PICATINNY ARSENAL, N.J. - Nearly 60 cadets in the Rutgers Reserve Officer Training Corps traveled here to practice movement techniques using paintballs to simulate actual rounds Oct. 28.
Lt. Col. Ken Patterson, battalion commander and professor of military science, and Capt. Michel Blachowski, assistant professor of military science and executive officer, both veterans of the ongoing war in Iraq, said they decided the Picatinny paintball course would be one of the best ways to prepare the cadets for what they may ultimately face in the future.
To allow knowledge to filter through the ranks, junior cadets worked in teams headed by senior cadets who already completed their summer training.
Blachowski explained that because the cadets are still in college they are not "real Soldiers yet."
Because of their inexperience, she said, the training helps them realize the effects of the battlefield.
"This is one step closer to reality for them."
Louis Piccirillo, a Picatinny employee and paintball range officer, said the course is unique because not many changes to the landscaping needed to done as the boundaries are natural and many of the trees and rocks provide cover to the players to simulate a real-life scenario.
While the cadets of Scarlet Knight Battalion come from various geographical locations and have diverse backgrounds, because it is a large part of their training, each cadet is familiar with close quarter maneuvers, which is what the group trained for during their time at Picatinny.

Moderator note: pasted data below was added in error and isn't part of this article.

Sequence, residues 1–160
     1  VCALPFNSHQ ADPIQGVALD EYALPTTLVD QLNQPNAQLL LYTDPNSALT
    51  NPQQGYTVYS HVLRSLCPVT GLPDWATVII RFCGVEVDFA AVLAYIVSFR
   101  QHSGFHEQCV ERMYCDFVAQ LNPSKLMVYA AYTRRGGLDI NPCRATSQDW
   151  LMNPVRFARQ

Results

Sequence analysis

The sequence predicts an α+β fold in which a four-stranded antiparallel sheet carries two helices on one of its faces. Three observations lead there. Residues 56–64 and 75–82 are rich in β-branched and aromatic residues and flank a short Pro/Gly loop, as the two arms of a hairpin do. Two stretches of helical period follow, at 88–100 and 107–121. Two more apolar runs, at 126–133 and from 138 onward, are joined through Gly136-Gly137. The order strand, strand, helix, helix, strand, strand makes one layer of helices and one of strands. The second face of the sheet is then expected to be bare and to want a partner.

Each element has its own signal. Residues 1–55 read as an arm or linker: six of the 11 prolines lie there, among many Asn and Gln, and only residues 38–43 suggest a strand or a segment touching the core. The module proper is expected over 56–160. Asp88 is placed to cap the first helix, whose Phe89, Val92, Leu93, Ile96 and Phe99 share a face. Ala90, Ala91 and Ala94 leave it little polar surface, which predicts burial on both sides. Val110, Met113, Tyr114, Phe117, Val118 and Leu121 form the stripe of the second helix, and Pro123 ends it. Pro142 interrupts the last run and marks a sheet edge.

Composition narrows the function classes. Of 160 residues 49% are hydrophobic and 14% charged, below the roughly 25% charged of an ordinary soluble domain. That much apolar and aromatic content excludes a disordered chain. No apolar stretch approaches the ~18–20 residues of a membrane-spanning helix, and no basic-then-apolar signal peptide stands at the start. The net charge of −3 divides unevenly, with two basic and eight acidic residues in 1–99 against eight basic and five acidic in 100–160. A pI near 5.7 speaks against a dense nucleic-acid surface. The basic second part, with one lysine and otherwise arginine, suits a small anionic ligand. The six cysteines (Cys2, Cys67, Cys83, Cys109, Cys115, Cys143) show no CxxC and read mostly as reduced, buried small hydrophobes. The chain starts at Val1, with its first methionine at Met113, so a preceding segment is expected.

The future military leaders rotated through the simulated battlefield taking turns planning maneuvers and tactics.
Blachowski said organizers tried to make the event as realistic as possible.
"The cadets are even carrying their (meals-ready-to-eat) in their cargo pockets because they need to realize that ... chow is not always at 1200 hours."
Blachowski was assigned to her current duty at Rutgers in March.
An avid paintball player, she mentioned to Patterson that she would like to start a program for the cadets.
After purchasing equipment, which included paintball guns, known as markers, balls and other items, the hunt for a playing field ensued.
Blachowski said that she ended up at Picatinny after learning the installation recently bought some equipment and opened its own field.
Chris Brown, assistant director of outdoor recreation for the Family Morale, Welfare, and Recreation directorate said he coordinated all the behind the scenes work to include pricing and how the event would be organized.
He also said that his long-term goal is to have the outdoor recreation program at Picatinny Arsenal be a leading example for the entire U.S. Army.
Both Patterson and Blachowski said the cadets enjoyed the learning experience and see how this could be the first of many training missions using Picatinny's paintball field.
The paintball course, which opened in June, is open to service personnel, DOD employees and their family members.